Scaling up family planning-key issue at AusAID roundtable

Burnet Institute

30 March, 2011

NGO representatives at the AusAID round table concerning scaling up family planning

That’s just one of the staggering statistics that was raised at a special roundtable meeting in March with AusAID, co-hosted by Compass: the Women’s and Children’s Health Knowledge Hub, focussed on ‘Supporting progress towards the health Millennium Development Goals (MDGs) – Increasing access to family planning services.’

AusAID consulted a range of stakeholders about the Australian commitment to scale up family planning; with the intention this consultation would feed into future health policy/maternal newborn and child health strategy.

The Federal Government, through AusAID, is expected to spend almost AUD$1.6 billion on maternal and child health over the next five years. This is part of Australia’s commitment to increase the Aid budget to 0.5 per cent of gross national income by 2015 and will include a further increase in spending on family planning.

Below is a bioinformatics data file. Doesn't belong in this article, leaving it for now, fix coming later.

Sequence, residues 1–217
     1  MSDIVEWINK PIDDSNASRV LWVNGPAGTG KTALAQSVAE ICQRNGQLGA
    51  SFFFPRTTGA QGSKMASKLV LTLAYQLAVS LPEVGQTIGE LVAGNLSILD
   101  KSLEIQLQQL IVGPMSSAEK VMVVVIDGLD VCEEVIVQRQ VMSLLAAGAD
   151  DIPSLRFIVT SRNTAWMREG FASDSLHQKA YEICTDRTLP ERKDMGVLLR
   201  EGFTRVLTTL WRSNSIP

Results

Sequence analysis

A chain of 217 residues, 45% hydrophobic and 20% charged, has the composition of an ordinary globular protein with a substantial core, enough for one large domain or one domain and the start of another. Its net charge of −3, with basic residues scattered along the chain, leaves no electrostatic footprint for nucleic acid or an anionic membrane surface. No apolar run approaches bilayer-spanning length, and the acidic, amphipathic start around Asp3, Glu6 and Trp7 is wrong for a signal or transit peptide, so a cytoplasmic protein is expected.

Principal of the Women’s and Children’s Hub from the Burnet Institute, Dr Wendy Holmes, welcomed participants from a wide selection of Australian NGOs, academics, and regional organisations working in family planning research, service delivery and advocacy, and project implementation to the round-table discussions.

Among the representatives from AusAID was Mr Murray Proctor, First Assistant Director-General Sectoral Policy and Ms Joanne Greenfield, Maternal and Child Health adviser.

Burnet’s Team Leader, Women’s and Children’s Health, Dr Natalie Gray, presented on ‘Improving our knowledge and approaches for scaling up family planning.’ Bruce Parnell, Principal Fellow from Burnet’s Centre for International Health facilitated the meeting.

Dr Gray reaffirmed the existing pressing need to scale-up family planning.

“There are 215 million women who would like to delay their first pregnancy, space their births, or complete their families but do not have access to reliable contraception,” Dr Gray said.

“Adolescent girls have a higher unmet need for contraception than adult women with 6.1 million unintended pregnancies among girls aged 15-19 annually.”

Dr Gray said increasing access to family planning was cost-effective for developing countries.

“It will cost an average of US$1.20 per person per year, or US$8 per woman, to meet the need for contraception in the developing world.”

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Burnet Institute

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